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Three New Guides Now Available for Cancer Patients

By Keval Parekh

December 9, 2022

Radiation Guides 2022
Guides Made in Partnership with University of Chicago Medicine Now Total Six

39.5 percent of people in the US will be diagnosed with cancer at some point during their lifetimes (, May 2018), and nearly 66 percent of US cancer patients will receive radiation therapy (American Society for Radiation Oncology, 2015 Legislative Priorities Brief).

39. 5
Percent of People in the US Who Will Be Diagnosed with Cancer In Their Lifetime
Percent of US Cancer Patients Who Will Receive Radiation Therapy
Million New Cases of Cancer Diagnosed in the US in 2019

External Beam Radiation Therapy (EBRT) is one of the most frequently used radiation treatments, yet the process is opaque and complex. Providing understandable educational material to help anxious patients and caregivers navigate the process is vital—current patient education material is voluminous and overwhelming.

Typically written at a 12th-grade reading level, with occasional stock photographs, an explanation of the treatment is handed to patients in their first meeting with their doctor—a point of high emotional stress.

During the research phase, patients shared with the ID team their reactions to current communications:

  • “At that moment in time, it was a huge shock for me and my family. The consultation meeting was all that we had and relied on.”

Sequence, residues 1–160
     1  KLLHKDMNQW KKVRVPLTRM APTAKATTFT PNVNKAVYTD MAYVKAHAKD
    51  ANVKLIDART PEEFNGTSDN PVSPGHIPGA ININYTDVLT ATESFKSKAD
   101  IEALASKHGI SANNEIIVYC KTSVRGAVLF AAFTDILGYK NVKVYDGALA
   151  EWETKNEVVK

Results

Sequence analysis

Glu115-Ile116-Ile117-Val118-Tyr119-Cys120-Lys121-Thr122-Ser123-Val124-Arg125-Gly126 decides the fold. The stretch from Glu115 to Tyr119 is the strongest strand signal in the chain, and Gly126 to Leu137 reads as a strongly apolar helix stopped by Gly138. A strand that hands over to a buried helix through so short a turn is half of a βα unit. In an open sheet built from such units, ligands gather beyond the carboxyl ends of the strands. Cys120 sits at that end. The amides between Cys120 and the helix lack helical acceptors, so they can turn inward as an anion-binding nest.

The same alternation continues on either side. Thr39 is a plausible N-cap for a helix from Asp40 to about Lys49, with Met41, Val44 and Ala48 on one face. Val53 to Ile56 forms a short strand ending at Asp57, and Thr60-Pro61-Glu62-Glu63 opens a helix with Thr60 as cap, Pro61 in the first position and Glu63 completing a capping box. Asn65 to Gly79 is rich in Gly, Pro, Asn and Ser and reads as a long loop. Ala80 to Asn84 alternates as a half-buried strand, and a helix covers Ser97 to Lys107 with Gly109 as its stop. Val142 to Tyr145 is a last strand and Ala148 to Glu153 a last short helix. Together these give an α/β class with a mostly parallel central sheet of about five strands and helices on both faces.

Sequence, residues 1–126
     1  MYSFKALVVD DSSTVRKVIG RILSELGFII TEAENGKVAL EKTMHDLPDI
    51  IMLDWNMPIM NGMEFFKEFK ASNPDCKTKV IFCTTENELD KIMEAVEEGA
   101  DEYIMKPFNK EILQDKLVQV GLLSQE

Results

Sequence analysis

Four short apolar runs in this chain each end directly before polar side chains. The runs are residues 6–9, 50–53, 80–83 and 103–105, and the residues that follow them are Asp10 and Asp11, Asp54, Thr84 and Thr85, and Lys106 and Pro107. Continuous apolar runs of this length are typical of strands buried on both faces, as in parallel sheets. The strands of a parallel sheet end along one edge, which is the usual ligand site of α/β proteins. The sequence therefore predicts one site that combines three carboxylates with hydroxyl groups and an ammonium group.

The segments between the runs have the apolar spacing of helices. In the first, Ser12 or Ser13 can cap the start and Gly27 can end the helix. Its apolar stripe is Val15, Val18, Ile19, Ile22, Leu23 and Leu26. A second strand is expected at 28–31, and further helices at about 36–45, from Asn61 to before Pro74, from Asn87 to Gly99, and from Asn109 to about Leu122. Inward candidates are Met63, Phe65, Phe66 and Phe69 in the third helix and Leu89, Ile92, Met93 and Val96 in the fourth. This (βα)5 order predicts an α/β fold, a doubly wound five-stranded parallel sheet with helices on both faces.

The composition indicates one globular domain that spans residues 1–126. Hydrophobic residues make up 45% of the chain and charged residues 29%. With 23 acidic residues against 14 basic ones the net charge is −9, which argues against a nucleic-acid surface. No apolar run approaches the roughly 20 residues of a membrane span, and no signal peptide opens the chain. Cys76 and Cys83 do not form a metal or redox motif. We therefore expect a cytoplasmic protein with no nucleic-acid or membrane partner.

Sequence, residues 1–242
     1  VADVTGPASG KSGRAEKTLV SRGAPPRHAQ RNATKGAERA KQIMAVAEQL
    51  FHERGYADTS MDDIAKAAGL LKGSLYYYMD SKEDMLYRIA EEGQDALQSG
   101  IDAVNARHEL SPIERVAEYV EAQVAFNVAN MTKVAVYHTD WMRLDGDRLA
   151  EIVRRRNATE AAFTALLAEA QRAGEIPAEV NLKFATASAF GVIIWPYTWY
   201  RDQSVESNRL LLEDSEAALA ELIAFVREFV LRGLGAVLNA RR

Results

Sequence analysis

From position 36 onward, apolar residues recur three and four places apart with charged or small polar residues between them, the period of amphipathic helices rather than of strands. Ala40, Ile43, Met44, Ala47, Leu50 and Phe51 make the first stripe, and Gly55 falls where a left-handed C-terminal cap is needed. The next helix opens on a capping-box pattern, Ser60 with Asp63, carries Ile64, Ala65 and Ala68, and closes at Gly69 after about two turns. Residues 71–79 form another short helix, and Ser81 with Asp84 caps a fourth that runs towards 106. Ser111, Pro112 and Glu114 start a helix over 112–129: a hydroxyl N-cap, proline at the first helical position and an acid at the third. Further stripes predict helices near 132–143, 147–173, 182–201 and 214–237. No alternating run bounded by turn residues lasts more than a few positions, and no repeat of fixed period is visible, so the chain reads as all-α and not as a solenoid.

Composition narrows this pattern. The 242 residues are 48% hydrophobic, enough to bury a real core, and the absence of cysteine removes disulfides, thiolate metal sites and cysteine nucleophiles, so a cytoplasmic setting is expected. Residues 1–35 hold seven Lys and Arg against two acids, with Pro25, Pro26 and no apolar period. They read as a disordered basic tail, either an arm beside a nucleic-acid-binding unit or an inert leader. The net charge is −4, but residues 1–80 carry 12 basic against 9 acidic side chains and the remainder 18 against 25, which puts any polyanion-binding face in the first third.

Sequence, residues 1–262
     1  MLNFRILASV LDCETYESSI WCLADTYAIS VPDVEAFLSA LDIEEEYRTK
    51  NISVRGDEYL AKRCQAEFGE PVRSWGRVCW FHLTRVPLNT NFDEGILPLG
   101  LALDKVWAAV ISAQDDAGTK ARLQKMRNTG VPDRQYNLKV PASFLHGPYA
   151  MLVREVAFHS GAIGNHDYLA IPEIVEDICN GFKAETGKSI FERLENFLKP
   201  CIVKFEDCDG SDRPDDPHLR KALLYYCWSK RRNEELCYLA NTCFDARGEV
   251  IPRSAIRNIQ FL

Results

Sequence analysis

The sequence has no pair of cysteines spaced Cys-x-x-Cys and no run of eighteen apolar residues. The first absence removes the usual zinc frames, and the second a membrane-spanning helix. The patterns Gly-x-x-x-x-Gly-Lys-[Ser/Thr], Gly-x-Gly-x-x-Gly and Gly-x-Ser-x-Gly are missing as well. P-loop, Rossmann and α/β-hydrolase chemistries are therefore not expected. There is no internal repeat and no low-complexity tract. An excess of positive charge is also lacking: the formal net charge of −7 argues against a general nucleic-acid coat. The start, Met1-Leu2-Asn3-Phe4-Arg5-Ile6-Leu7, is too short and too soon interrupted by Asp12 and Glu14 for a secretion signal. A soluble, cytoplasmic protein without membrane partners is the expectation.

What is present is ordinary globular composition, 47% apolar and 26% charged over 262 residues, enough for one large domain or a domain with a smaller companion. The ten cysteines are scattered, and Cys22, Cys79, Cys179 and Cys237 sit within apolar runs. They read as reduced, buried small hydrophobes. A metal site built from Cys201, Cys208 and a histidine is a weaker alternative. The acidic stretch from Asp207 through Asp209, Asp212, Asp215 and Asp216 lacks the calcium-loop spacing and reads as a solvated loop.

• “I didn’t even look at it after going home. My daughter—yes she did. She is intelligent. But no, not me.”
  • “Dr. Daniel Golden was amazing at explaining everything to me, and didn’t feel like I needed anything else other than that.”
  • “There is already so much paperwork involved at the beginning and I didn’t have the energy to go through anything else, physically and mentally as well.”

To address this problem, several Institute of Design students and Associate Teaching Professor Tomoko Ichikawa first partnered with Dr. Daniel Golden of UChicago Medicine in Fall 2017 to explore how visual narratives could better educate patients about radiation therapy. This initial research project was funded by UChicago Medicine’s Bucksbaum Institute of Clinical Excellence. By surveying existing visual narrative styles and through expert presentations, the class learned that graphic storytelling is its own visual language that can be leveraged to display concepts such as time passage, simultaneity, and projection.

Being confronted with overwhelming information during a time of crisis and chaos in one’s life, how can we expect information to be absorbed in a way that would be understandable and useful to the patient? A project like this provides a perfect nexus of complexity, visual representation, and user empathy, equipping the students with multiple skills along the design process. The ultimate goal is for them to be able to transfer this experience and learnings to other problem areas so they can become impactful designers.
—Tomoko Ichikawa, Associate Teaching Professor

Following this research project, several Institute of Design students have worked on designing a series of six discussion guides, with plans to include a seventh next year. These guides are used by doctors in their first consultation meetings with patients helping them to explain external beam radiation therapy treatment for malignant and benign tumors located in the Brain, Breast, Digestive System, Head and Neck, Lung, and Prostate. We received funding from the Radiation Oncology Institute to continue this project over two years, starting in 2020.

The newest three discussion guides: Brain, Head and Neck, and Digestive System

The newest three discussion guides: Brain, Head and Neck, and Digestive System